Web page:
(Excerpts from Diplo’s online course on Public Diplomacy – First lecture on Public Diplomacy: Concepts & Methods by Ambassador Kishan Rana)

 

Dean Edmund Gullion of the Fletcher School of Diplomacy coined the term ‘public diplomacy’ (PD) in 1965, but the notion of reaching out to foreign publics and influencing them is much older.

Alliance Française was set up in 1883, to promote the French language and culture outside France. Japan created a department of information at the Gaimusho in 1921, devoted to news propaganda for foreign policy objectives; in 1934 Japanese Foreign Minister Koki said in a speech:

‘…if each country could make its own culture and civilization understood, this will promote international understanding strongly. The government will coordinate official and private efforts, and equip them with appropriate external and domestic institutions.’[1]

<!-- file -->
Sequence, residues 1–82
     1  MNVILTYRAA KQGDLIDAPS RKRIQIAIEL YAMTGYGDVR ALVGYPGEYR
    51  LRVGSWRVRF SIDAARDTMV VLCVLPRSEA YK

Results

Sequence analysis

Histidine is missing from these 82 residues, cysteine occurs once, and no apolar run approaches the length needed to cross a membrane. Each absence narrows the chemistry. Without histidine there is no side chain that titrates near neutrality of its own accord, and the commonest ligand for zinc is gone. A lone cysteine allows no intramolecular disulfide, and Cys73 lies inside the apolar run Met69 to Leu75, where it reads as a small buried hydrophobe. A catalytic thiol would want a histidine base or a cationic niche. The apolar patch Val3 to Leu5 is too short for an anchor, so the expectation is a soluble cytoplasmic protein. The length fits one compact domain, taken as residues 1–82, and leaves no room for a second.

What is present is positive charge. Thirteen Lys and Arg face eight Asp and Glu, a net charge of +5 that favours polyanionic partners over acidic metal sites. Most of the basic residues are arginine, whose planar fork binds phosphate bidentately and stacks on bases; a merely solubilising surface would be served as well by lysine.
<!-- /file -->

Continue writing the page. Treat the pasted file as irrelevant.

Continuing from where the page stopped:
In an essay written in 1939, EH Carr spoke of propaganda as an instrument of power in international politics; he felt that this was important because of greater mass participation in politics, and the development of techniques which reflected economic and technological changes.[2]



[1] Tomoko Akami, ‘The Emergence of International Public Opinion and the Origins of Public Diplomacy in Japan in the Inter-War Period’, The Hague Journal of Diplomacy, Vol. 3, No. 2, 2008, p.119.

[2] EH Carr, Propaganda in International Politics, (Clarendon, Oxford, 1939).

 

 


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